h for the third hall H is for Halls The Cutlers' Company has had three Halls on the same site  since 1638.  The present Hall was built in 1832 and extended in the 1860s and 1880s.  It is a Grade II listed building and is privately owned by the Cutlers' Company.
  2012 installation (Photograph J.Unwin) I is for Installation
The Cutlers' Company of 33 members is elected annually, which is followed by an installation ceremony. The Installation takes place in the Cutlers' Hall and is then followed by a church service, in the Cathedral opposite
 JOINT EDUCATION AWARDS, 2012
J is for Joint Awards The Company has been involved with training and education since its incorporation in 1624. Today, one aspect of this is the Joint Awards scheme, organised by the Company and the Worshipful Company of Armourers and Braziers in London.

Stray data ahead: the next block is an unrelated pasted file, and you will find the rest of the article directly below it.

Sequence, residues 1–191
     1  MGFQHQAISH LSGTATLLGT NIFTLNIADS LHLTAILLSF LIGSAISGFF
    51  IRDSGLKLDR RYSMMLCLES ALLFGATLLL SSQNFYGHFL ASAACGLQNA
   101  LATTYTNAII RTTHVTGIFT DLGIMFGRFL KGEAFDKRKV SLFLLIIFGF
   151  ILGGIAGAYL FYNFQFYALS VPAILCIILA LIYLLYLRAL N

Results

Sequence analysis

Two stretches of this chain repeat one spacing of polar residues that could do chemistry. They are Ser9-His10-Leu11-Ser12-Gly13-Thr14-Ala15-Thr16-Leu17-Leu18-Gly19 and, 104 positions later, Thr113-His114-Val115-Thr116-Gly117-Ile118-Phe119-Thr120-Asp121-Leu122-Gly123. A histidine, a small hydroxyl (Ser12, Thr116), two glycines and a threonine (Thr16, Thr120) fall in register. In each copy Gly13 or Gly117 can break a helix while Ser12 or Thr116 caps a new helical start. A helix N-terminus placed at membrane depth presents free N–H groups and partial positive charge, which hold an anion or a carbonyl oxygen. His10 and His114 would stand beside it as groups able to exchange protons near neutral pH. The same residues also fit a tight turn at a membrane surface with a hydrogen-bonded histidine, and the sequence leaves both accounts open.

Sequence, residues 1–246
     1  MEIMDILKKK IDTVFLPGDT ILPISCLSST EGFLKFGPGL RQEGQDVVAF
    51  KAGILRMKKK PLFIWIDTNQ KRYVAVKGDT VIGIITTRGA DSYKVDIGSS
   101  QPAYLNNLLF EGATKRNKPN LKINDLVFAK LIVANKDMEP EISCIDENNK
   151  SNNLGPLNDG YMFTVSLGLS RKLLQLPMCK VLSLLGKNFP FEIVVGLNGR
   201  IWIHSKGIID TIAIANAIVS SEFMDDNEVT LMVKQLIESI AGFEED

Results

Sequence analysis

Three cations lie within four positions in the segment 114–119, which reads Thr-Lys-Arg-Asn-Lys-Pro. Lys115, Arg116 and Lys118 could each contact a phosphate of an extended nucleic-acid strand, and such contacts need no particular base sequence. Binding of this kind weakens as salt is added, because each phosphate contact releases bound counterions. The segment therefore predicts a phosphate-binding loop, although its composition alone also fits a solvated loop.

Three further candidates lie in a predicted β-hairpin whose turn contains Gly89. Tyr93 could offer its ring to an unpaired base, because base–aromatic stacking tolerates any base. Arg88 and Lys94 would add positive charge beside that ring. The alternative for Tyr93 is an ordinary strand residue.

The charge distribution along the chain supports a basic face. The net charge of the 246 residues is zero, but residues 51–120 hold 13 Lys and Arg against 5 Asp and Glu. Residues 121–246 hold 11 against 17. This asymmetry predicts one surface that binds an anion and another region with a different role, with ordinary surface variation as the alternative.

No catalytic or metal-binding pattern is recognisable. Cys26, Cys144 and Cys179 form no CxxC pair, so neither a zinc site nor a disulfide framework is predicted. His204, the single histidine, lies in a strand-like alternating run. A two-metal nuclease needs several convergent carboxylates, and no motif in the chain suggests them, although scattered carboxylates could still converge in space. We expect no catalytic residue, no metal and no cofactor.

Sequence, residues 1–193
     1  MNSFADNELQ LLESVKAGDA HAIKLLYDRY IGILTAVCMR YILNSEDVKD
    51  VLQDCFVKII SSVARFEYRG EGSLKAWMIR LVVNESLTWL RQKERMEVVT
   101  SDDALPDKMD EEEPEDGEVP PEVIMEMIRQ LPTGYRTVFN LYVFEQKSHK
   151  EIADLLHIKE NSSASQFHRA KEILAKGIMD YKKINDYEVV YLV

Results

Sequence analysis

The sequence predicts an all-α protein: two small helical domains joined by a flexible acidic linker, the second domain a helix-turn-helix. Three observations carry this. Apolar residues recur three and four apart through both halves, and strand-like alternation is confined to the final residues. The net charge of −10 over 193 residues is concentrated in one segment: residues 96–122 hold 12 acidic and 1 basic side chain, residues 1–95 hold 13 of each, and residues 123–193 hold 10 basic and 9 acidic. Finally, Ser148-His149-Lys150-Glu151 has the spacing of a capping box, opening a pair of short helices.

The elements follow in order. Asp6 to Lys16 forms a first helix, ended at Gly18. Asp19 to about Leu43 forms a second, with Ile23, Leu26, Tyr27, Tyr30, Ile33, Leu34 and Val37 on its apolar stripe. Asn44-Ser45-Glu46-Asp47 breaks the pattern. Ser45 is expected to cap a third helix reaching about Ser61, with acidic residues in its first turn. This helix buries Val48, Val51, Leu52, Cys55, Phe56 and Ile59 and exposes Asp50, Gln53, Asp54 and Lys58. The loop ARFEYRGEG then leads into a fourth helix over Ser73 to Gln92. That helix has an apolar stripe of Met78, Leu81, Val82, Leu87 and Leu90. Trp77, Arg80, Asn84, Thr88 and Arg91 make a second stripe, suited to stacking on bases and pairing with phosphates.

k for knives
K is for Knives 'Cutlery' means 'things that cut'. Sheffield knives have been made in a huge range of styles and materials, for a wide variety of functions from table knives to trade, pocket and hunting knives.
 l for London
L is for London Until the mid-18th century, London was the premier centre for high-quality cutlery, and sought to protect its wares by striking a 'dagger' mark on blades.  But Sheffield gradually overtook its leading position, and more local firms had London agents and outlets.
 m for mace M is for Mace The Company mace was designed by Walter Belk and made by the Sheffield firm of Roberts and Belk in 1896. It is unusual in having a tapered stem, which is surmounted by an orb and an elephant's head.
 n for norfolk knife N is for Norfolk Knife Joseph Rodgers made this impressive knife for the 1851 Great Exhibition, showing Sheffield's craftsmanship in blade forging, etching, engraving and pearl carving.  The Knife is on loan from the Egginton Group of Companies.
 o for olympic